I confess, I had a full day of feeling very bitter and angry towards our Victim Services representative and the prosecutor. They were supposed to speak for us, represent us, advocate for us. And they hung us out to dry. My heart screamed, “Isn’t there anyone who is FOR US?”

And the answer came immediately. “I AM.”

The picture of Jesus Christ as advocate was brilliantly clear in my mind. Again, there has always been a knowledge of Him advocating on my behalf, presenting me as pure and faultless because of His sacrifice, to God the Father and ultimate judge. That picture pertains to my own sin being washed away. But this new picture, with the issue being someone else’s sin against me, showed me so clearly that He is still advocating on my behalf. And I can fully trust the dichotomy of mercy and justice in the hands of our Judge.

These human advocates screwed up (from my perspective) and this human judge acted on incomplete information. But my Jesus advocate doesn’t say, “Meh. Oh well,” about overlooked paperwork. And my Almighty God judge knows all the details anyway.

Our house is still cold and dark and I can’t do anything about that. Our son is free to live his life as if none of this happened, and I can’t do anything about that either. What I can do is intentionally focus my heart and mind on the character of God – on His presence with me through all of it and His capability as advocate and judge.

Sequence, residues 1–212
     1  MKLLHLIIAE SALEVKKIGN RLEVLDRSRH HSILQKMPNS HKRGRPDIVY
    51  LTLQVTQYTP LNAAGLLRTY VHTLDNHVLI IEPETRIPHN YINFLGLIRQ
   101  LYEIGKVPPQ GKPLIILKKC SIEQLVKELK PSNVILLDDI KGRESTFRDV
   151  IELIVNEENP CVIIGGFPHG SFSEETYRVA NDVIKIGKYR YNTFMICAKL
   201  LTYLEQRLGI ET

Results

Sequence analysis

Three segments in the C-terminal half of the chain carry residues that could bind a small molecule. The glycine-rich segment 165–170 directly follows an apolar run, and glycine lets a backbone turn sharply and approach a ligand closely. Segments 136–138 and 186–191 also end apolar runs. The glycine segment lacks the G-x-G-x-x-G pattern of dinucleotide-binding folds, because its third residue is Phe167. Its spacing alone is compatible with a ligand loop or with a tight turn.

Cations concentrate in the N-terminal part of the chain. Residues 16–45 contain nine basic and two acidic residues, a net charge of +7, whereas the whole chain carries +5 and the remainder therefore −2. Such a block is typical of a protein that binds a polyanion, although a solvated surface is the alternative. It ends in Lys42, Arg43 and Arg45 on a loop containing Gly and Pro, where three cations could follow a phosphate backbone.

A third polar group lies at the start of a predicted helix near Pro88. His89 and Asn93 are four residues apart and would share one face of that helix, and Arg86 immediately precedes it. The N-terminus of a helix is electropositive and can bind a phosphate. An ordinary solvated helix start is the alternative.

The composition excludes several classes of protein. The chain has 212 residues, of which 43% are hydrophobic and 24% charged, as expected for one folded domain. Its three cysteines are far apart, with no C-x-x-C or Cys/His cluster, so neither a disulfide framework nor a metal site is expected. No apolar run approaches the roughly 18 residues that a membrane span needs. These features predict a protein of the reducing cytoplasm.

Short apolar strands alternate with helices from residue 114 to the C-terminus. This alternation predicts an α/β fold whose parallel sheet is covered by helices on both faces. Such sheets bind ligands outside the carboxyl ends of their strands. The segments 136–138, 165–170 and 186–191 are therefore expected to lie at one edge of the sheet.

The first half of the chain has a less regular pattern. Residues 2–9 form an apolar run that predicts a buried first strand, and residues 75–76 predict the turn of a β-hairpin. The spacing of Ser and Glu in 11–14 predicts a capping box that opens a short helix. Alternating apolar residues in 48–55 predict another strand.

And I can also make myself some fantastic bread.

 
3 Comments

Posted by on January 11, 2017 in Adoption, God, Personal Growth, Recipes

 

A Crisis of Faith

This has been a rough month.

There is a person in our lives who has rejected the measures of help we’ve offered, but who feels very entitled to what he thinks would help him (basically enablement without any accountability). He recently decided to make us pay for destroying his life. He came to our house while we were out, and smashed in 3 of our windows and our front door.  He was arrested later that night, and then released with conditions until his court appearance. He breached those conditions by threatening to come back and do more damage, so he was arrested again, and held in custody until his court date. Last week, he was released on probation.

I can’t give many more details than that, as I’m unsure of what is yet to come regarding court dates and charges. But I wanted to set the scene for you. This is a person whom we welcomed into our lives because of our faith. This person deeply resents the boundaries that we’ve put on the kinds of “help” we’re willing to give him (see above re: entitlement, enablement, and accountability). This resentment has grown into a violent hatred towards us, which has been expressed numerous times in the ways he has verbally attacked us, made accusations against our Christianity, and now physically attacked the safety of our home.

And he is free. And he is still angry. And we are not safe.